Domestically, this is seldom what interests voters most. A rarer and more highly valued gift is an instinct for what makes one’s country special. Rightly or wrongly, voters believe they see evidence of this instinct whenever one of their politicians behaves in a way that would make him a fish out of water anywhere else on earth. This appeal may seem absurdly superficial to political scientists – it may involve little more than a folkloric accent or a taste for the local beer. In Mr Bush’s case it was a rural piety, assumed late in life but conveyed in a way that the masses find sincere and elites find embarrassing.

But it is not just an American predilection. Gerhard Schröder, for all his slogans of modernisation, is the most provincial chancellor that Germany has had since the second world war. Over two elections, his lack of interest in the anguished relationship to world opinion that marked his post-war predecessors was a signal that he would defend German interests, just as his ostentatious enjoyment of beer, cigars and women signalled that he would defend, as best he could, the German lifestyle. Jan-Peter Jan Peter Balkenende, appealing to the small-town pieties of the Netherlands, has turned his very awkwardness into an electoral asset; the inability of policy elites in Amsterdam
and The Hague even to explain his popularity gives him
another point in common with Mr Bush.

Recep Tayyip Erdogan, with his sense of Islam as it is lived locally, is the George Bush of Turkey. His religious rhetoric is structurally almost identical, even though its terms are immediately comprehensible only to his fellow countrymen. It is unlikely that non-Japanese would find Junichiro Koizumi’s well-publicised fondness for geisha girls a vote-getter or that Hugo Chavez’s tendency to rattle on about baseball would appeal to non-Venezuelans or that there is a country outside of Italy to which the political style of Silvio Berlusconi could be readily exported.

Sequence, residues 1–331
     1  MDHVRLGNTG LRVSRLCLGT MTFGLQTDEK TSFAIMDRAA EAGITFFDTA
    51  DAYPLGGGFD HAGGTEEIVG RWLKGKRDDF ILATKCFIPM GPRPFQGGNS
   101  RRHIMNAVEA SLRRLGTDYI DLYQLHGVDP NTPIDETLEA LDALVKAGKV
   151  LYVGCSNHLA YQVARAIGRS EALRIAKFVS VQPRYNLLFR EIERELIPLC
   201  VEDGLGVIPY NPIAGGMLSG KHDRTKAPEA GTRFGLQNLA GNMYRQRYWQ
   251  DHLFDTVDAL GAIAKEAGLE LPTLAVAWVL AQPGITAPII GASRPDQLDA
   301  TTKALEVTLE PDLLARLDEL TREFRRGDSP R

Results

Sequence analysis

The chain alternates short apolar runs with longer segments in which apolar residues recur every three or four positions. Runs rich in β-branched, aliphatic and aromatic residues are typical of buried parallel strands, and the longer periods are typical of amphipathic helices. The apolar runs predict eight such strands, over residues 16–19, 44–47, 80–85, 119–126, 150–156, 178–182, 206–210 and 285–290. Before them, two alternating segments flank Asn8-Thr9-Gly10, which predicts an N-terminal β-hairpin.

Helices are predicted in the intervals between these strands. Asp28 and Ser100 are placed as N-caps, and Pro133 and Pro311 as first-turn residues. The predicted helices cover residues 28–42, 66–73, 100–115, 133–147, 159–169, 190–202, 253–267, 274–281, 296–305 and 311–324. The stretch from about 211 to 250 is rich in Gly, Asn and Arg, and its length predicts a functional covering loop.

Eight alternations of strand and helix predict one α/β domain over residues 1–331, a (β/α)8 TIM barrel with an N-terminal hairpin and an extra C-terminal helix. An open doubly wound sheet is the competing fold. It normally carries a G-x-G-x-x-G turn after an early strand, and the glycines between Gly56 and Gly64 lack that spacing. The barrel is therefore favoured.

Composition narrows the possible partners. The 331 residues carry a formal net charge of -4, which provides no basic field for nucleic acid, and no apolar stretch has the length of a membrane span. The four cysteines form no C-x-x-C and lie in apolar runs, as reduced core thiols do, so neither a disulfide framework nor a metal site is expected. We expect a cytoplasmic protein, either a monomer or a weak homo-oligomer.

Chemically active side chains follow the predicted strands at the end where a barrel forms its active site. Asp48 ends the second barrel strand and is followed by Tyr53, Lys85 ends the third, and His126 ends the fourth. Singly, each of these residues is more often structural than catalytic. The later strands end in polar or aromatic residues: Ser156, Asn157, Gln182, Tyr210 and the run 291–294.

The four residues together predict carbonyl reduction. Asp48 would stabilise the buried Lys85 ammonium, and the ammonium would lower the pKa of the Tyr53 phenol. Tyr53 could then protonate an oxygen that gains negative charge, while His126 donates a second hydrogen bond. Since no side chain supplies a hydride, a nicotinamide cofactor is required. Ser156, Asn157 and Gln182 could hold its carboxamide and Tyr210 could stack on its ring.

Globalisation requires leaders to enact – or permit – wide-ranging reforms in state and society. Voters are often understandably attached to the old system, particularly where it has included a high level of international prestige or a highly developed welfare or corporatist state. They want evidence that their government is breaking with the status quo only reluctantly. That is why, when they choose a leader, they are not only looking for someone with the brains to decide which traditions need to be sacrificed on the altar of efficiency. They are also looking for someone with the heart to decide which traditions need to be defended tooth and nail.

The writer is a senior editor at The Weekly Standard